End of line problem with xmlrpc

Hello all,

I try to transfer binary files between two (Redmine) servers. By the
way, I use the ruby language to do it and all informations are exchanged
through the XML-RPC protocol.

Unfortunatly everything success except that transfered binary files
doesn’t work. For instance a word file can not be open.
If I compare the original binary file with the transfered binary file, I
can see that everything is similar except that the ‘CR’ character is
always replaced with a ‘LF’ character and ‘CR LF’ characters are always
replaced with ‘LF’ characters.

I open the file on local server in this way :
binary_content_to_transfer = File.open(binary_file_path_path,“rb”)
{|io| io.read}

I transfer the binary_content_to_transfer with either :string (I also
try with [:base64] but same problem occurs)

On remote server, I save content int this way :
binary_remote_file = File.new(binary_remote_file_path, “wb”)
binary_remote_file.write(binary_content_to_transfer)
attachment_file.close

I also try many other adjustments to understand where is the “mistake”.
All the tests that I made let me think that the XML-RPC protocol is
responsible of the problem :

  • I try to execute directly the same read and write code (without using
    the XMLRPC procedure) => The created file is perfectly similar with the
    original one.
  • I try to use different types for transfering data (:string and
    :base64) => Result is the same.
  • I try different way of reading and writing files (wb, w, rb, r) =>
    Result is worst.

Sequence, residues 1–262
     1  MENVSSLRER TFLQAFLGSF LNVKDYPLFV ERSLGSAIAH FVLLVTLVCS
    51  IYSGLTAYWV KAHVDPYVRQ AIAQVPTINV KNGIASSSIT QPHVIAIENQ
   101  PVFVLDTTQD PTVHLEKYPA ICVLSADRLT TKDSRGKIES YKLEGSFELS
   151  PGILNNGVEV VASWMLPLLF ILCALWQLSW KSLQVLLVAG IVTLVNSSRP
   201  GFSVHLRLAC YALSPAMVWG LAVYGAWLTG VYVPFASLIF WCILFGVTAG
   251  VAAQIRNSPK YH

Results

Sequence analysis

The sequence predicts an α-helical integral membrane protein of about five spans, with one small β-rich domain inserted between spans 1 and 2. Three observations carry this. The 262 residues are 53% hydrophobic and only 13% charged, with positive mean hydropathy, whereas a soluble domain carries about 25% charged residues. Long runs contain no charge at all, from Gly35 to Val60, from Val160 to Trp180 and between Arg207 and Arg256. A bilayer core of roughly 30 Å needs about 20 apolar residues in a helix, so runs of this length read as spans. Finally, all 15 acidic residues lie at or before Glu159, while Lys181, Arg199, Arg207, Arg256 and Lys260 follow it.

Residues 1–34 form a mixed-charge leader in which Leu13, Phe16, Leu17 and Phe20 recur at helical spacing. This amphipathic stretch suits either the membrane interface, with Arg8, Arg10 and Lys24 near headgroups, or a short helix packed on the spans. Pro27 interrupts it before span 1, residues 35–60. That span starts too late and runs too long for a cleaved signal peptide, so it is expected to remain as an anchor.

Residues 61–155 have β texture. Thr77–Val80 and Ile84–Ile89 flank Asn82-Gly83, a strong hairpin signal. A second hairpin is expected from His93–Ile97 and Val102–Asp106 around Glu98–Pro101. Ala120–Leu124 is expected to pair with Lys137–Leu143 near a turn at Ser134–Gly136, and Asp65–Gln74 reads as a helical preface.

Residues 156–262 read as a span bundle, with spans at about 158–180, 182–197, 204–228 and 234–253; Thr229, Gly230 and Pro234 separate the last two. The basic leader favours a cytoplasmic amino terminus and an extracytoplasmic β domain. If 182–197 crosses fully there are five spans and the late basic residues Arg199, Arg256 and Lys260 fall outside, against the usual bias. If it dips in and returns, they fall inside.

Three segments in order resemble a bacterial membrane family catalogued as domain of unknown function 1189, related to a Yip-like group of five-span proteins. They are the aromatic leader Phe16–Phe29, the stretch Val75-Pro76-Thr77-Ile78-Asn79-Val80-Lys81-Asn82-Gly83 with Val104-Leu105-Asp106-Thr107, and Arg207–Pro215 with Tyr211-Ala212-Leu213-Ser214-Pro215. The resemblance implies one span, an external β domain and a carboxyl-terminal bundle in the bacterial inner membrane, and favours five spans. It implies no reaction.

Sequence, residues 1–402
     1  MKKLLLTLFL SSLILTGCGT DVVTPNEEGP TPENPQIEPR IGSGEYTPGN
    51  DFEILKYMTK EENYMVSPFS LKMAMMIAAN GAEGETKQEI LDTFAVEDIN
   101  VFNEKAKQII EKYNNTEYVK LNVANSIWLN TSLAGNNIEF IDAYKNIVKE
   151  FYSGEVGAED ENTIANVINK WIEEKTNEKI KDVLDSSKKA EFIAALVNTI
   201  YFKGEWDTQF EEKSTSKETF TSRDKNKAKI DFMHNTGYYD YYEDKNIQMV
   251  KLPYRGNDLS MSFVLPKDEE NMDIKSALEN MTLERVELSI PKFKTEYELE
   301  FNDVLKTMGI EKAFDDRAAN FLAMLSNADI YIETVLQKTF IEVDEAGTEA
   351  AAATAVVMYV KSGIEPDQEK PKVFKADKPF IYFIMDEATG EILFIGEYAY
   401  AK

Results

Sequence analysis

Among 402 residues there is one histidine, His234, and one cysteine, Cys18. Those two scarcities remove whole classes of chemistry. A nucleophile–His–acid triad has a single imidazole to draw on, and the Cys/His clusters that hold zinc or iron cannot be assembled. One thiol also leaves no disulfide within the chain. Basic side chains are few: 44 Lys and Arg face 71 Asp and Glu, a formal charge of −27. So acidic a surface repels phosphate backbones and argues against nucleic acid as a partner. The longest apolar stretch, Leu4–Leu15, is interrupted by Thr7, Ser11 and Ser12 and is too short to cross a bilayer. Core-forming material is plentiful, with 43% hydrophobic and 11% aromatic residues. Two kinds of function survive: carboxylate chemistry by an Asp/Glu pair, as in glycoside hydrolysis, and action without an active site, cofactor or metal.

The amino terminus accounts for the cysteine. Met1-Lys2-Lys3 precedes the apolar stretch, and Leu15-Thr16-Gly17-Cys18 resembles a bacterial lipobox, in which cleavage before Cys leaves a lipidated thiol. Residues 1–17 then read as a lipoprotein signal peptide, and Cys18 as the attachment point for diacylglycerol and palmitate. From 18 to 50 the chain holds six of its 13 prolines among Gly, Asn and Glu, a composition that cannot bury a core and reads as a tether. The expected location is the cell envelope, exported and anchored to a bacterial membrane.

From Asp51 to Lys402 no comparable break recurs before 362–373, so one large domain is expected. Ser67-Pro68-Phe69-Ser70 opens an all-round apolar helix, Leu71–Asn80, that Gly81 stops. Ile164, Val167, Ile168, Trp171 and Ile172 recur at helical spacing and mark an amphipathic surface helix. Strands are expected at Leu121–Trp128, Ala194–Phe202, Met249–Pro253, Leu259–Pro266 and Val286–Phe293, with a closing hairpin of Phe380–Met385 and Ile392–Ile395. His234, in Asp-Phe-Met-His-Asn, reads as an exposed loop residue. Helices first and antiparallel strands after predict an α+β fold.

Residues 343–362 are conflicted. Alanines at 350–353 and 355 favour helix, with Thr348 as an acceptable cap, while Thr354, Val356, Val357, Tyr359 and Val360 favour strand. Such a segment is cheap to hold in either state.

Is anyone has an idea or an alternative solution to transfer binary
files ?

Thanks in advance.

2010/1/15 Hubert Martin-deidier [email protected]:

always replaced with a ‘LF’ character and ‘CR LF’ characters are always
binary_remote_file = File.new(binary_remote_file_path, “wb”)
:base64) => Result is the same.
This one irritates me: by using base64 encoding you should be fine,
shouldn’t you?

  • I try different way of reading and writing files (wb, w, rb, r) =>
    Result is worst.

Is anyone has an idea or an alternative solution to transfer binary
files ?

I’d say that encoding it in some format like base64 would be the right
way to go. That way also text editors don’t choke if you use them to
look at the XML message.

Kind regards

robert

Robert K. wrote:

This one irritates me: by using base64 encoding you should be fine,
shouldn’t you?

I also agree with you, I can even say that I completly agree with you.
I quicky look at source code of XMLRPC protol but I’m afraid that for
base64 there is a stirng conversion that may explain this problem. I’m
not sure of what I’m saying.

Someone know If there is a way to look at the XML message sent. In this
way I can determine if the problem is from the client (emission of the
file) or from the server (reception of the file)

2010/1/15 Hubert Martin-deidier [email protected]:

Robert K. wrote:

This one irritates me: by using base64 encoding you should be fine,
shouldn’t you?

I also agree with you, I can even say that I completly agree with you.
I quicky look at source code of XMLRPC protol but I’m afraid that for
base64 there is a stirng conversion that may explain this problem. I’m
not sure of what I’m saying.

As far as I can see this works ok on 1.9.1

irb(main):011:0> raw = “”.encode! “BINARY”
=> “”
irb(main):012:0> raw.encoding
=> #Encoding:ASCII-8BIT
irb(main):013:0> 255.times {|i| raw << i}
=> 255
irb(main):014:0> raw.length
=> 255
irb(main):015:0> raw.bytesize